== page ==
When organized medicine evaluates the efficacy of a treatment, there is usually an expectation of success. If the success rate for treating cancer was below 10%, for example, there would be few cancer centers bragging about their treatment programs! When I worked as an anesthesiologist, I took hundreds of children to the operating room—always with the assumption that every single person would do well. Any sign of failure- an unplanned hospital admission for prolonged nausea or a chipped tooth, not to mention heart failure or brain damage, resulted in formal peer review hearings and possible sanctions against the physician.
But with addiction treatment, the opposite is true. The general assumption is that treatment is a good thing—whether or not it works. And consciously or unconsciously, many who work in the addiction treatment industry compare their success rates not with an ideal standard of 100% cures, but instead against ‘utter failure.’
Patients who do well are the exception, especially if all of the suffering addicts who viewed the program’s advertisements are included in the mix. Those who work in the industry dodge responsibility for bad outcomes, blaming the patient in those cases. That is a convenient way to make bad numbers more palatable—but it is an exceptional and unique perspective upon which to consider the success rate of treatment programs for a given disease.
In other words, compared to doing nothing at all, residential treatment is probably a good thing. But if the success rate for residential treatment of opioid dependence were compared against the outcome for treating any other illness using any other course of treatment, the work of residential centers would stand out as abysmal failure. When the cost is added in, the industry appears ripe for an investigation by federal authorities. After all, there are few areas in medicine where a patient pays tens of thousands of dollars for treatments in which the usual outcome is utter failure.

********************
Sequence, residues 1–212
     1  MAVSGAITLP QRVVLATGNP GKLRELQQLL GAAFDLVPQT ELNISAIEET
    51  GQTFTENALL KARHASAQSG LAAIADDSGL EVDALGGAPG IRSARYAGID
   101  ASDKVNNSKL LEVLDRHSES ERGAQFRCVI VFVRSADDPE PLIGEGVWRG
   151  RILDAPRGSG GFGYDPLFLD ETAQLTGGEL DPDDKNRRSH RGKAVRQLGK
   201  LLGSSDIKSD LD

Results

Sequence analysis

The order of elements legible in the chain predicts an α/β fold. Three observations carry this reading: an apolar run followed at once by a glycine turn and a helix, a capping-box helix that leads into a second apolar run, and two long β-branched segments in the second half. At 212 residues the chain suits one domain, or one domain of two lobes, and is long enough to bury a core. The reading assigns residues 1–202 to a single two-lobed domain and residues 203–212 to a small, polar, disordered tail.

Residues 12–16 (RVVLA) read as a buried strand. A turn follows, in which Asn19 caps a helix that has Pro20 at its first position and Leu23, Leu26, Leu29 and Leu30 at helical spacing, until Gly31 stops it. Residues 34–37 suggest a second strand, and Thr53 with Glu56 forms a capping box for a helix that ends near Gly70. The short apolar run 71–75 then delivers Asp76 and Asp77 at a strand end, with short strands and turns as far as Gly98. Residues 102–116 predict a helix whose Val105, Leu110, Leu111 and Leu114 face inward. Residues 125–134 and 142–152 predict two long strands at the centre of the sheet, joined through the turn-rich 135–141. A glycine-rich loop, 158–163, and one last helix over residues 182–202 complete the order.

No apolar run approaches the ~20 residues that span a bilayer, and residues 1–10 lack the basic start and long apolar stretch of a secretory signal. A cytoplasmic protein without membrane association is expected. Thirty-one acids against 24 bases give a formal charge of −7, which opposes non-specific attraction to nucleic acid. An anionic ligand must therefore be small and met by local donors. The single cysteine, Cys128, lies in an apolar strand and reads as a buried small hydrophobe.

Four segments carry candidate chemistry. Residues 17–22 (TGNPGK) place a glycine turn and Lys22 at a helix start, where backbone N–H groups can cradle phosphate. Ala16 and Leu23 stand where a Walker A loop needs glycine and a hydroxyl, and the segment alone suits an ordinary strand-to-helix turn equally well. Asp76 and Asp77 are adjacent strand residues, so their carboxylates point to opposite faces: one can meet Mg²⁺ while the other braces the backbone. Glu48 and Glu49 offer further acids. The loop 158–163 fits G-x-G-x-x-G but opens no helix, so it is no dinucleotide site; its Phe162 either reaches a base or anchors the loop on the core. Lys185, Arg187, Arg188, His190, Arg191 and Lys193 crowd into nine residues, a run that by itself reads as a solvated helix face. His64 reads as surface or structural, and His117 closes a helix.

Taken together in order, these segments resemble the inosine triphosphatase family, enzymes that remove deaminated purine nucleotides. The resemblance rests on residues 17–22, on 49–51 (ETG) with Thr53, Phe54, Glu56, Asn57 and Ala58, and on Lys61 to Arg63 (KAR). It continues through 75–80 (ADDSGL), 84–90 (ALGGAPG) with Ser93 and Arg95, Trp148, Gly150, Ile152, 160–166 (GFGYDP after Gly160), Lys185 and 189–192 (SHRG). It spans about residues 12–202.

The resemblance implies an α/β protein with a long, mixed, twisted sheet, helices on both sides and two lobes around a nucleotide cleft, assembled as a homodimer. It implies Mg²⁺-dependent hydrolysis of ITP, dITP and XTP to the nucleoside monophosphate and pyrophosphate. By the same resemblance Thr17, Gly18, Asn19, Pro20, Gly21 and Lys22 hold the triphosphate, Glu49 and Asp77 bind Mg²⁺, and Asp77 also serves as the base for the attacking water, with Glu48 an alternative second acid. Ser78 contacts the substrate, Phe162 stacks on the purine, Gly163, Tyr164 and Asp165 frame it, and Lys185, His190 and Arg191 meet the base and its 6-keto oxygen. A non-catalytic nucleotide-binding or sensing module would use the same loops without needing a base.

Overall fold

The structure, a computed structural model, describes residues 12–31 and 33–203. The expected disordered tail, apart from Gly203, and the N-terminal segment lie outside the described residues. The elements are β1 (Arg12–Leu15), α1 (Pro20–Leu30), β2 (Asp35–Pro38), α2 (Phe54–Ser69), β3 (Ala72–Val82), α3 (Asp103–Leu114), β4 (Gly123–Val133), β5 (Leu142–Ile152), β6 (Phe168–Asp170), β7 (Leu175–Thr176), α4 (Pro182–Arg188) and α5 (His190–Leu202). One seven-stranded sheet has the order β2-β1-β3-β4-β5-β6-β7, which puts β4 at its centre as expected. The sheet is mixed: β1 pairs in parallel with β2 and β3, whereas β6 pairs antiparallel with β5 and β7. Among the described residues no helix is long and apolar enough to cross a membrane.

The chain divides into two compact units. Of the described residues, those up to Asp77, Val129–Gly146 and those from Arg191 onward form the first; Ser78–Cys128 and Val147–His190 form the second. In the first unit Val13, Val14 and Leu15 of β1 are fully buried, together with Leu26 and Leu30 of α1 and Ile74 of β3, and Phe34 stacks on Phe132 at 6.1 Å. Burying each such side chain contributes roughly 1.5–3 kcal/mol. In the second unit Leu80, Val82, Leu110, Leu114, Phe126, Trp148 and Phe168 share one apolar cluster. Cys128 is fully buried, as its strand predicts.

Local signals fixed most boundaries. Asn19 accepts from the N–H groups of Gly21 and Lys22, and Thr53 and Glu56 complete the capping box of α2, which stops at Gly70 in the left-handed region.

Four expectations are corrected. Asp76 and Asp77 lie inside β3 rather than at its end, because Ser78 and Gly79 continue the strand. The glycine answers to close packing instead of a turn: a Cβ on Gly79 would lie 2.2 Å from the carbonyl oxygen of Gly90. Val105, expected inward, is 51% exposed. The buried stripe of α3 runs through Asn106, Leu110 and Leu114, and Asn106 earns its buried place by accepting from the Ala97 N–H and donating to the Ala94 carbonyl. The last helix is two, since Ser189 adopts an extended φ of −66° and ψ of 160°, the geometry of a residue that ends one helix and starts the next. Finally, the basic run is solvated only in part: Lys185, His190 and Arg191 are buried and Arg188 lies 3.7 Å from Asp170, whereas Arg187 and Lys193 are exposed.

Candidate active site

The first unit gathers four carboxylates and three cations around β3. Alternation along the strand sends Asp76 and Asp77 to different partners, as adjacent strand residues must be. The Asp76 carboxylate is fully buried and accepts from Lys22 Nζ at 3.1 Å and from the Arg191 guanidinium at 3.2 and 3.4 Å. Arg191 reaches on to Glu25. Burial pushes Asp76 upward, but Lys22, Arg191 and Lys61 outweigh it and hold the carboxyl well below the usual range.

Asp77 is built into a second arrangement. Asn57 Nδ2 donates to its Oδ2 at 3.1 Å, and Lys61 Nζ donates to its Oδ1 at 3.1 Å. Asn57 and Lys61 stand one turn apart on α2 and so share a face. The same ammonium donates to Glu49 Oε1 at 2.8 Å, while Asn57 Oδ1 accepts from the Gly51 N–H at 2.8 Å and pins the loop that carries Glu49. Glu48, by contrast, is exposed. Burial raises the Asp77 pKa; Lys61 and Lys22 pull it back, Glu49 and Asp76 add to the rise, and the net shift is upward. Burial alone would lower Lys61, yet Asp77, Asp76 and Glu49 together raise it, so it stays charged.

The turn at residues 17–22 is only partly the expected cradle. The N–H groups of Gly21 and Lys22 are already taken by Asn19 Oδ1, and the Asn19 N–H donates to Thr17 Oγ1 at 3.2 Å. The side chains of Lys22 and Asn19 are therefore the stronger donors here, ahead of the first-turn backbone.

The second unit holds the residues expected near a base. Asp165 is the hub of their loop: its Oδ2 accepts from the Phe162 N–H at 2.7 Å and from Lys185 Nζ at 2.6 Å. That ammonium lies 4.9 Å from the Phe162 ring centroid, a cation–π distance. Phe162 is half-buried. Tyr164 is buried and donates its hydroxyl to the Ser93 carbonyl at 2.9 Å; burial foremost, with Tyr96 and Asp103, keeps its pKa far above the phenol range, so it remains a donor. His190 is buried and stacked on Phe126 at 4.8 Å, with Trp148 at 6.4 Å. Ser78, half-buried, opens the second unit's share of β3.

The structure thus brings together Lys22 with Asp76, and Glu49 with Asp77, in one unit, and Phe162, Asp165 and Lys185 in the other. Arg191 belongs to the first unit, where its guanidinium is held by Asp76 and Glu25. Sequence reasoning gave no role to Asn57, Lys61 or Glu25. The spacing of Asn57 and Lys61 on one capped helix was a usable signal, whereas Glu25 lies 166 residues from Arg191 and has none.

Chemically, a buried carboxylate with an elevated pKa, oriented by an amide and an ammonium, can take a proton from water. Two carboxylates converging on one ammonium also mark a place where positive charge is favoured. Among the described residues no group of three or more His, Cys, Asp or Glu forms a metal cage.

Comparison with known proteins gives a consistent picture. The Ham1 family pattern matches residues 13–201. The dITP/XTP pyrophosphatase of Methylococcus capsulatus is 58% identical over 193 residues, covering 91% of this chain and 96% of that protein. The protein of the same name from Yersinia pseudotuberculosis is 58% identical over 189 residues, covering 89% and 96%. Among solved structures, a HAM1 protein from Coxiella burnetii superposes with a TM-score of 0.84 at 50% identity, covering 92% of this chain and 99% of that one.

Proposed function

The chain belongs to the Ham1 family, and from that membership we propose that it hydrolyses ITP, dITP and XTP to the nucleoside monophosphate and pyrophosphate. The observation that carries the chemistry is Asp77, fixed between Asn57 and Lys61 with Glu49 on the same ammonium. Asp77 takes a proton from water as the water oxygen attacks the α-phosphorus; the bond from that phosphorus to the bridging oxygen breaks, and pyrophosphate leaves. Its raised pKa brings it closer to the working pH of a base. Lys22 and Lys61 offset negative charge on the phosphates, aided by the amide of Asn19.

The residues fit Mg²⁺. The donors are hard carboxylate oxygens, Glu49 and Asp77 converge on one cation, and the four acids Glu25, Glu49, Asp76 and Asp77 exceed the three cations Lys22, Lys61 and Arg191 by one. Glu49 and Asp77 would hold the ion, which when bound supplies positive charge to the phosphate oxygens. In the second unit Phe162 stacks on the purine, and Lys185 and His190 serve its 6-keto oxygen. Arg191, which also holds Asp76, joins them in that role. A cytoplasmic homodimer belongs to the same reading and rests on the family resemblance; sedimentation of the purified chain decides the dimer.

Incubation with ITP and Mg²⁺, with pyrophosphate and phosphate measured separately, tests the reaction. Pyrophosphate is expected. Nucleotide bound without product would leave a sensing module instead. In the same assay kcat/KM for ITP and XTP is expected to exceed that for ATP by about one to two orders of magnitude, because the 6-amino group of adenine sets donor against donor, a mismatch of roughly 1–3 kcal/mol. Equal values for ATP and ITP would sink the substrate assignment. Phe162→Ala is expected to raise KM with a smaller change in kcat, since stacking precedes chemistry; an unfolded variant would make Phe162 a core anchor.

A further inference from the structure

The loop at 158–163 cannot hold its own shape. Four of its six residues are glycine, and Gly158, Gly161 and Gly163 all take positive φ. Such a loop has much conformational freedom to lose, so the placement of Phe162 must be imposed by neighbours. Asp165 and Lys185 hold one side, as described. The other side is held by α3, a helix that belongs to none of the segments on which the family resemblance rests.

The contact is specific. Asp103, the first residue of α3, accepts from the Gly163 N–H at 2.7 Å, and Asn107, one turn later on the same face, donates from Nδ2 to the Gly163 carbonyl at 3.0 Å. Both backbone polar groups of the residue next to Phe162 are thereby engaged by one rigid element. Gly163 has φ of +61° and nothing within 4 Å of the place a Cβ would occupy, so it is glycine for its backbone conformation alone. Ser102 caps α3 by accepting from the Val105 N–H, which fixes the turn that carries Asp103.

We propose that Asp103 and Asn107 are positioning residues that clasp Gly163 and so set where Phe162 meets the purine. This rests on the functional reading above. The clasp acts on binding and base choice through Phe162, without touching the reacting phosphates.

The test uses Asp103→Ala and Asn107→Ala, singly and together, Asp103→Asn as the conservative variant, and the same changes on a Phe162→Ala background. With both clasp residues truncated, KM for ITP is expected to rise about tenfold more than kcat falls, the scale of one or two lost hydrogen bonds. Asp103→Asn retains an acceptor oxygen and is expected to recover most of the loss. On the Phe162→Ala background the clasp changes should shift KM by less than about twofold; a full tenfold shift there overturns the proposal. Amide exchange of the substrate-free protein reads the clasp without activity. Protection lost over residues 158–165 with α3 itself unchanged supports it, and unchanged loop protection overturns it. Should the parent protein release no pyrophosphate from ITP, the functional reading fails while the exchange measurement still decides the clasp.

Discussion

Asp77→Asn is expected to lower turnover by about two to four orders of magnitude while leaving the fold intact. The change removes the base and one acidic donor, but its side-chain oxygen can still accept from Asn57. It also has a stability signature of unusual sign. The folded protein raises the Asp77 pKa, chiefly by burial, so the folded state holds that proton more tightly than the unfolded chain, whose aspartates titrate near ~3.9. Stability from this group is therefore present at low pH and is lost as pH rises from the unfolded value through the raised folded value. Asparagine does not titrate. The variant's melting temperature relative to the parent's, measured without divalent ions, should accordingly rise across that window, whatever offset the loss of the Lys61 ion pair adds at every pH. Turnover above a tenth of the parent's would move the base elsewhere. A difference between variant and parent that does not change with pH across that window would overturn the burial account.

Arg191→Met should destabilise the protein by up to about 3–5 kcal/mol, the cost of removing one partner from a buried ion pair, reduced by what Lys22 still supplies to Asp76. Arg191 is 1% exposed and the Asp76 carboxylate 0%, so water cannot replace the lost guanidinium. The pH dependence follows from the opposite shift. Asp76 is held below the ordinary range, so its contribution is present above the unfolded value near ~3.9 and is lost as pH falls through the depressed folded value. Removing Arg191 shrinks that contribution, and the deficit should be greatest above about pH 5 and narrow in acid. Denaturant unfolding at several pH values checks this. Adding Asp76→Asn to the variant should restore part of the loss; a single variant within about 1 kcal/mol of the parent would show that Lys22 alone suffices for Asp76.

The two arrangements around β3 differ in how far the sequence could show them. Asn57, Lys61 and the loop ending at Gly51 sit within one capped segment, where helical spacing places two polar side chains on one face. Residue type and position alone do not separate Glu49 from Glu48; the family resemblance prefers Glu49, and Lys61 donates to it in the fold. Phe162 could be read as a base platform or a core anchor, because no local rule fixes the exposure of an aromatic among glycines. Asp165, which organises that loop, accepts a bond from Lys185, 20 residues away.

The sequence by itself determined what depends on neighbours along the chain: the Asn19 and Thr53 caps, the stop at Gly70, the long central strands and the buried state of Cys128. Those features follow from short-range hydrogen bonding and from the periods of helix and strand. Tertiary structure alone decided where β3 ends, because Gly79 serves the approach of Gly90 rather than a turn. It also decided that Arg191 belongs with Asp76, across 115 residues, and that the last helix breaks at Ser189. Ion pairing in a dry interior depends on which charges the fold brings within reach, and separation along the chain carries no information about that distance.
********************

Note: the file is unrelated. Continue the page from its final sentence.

See? I told you I’d make you angry.
There are many things to write or wonder about. When and why did organized medicine abdicate responsibility for treating the disease of addiction? Is medicine in a position to take that responsibility back? Can the programs now treating addiction the ‘old fashioned way’ change their expectations and demand better outcomes??
Last year I was invited (I still don’t know by whom) to DC to attend the NIDA/SAMHSA summit on treating opioid dependence with buprenorphine. The biggest surprise, as I heard the President’s drug policy advisor speak about resources, was the absence of any mention of residential treatment. It was clear that there are some in world of organized medicine who are prepared to add ‘addiction’ to the list of diseases where they will ‘first do no harm.’
If you don’t see the differences in how the disease of opioid dependence (code 304.00) is treated compared to other diseases, then stay tuned—I have a few things I’d like to show you.
Photo by OnBeeKenoBee, available under a Creative Commons attribution license.
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Last reviewed: 21 Feb 2011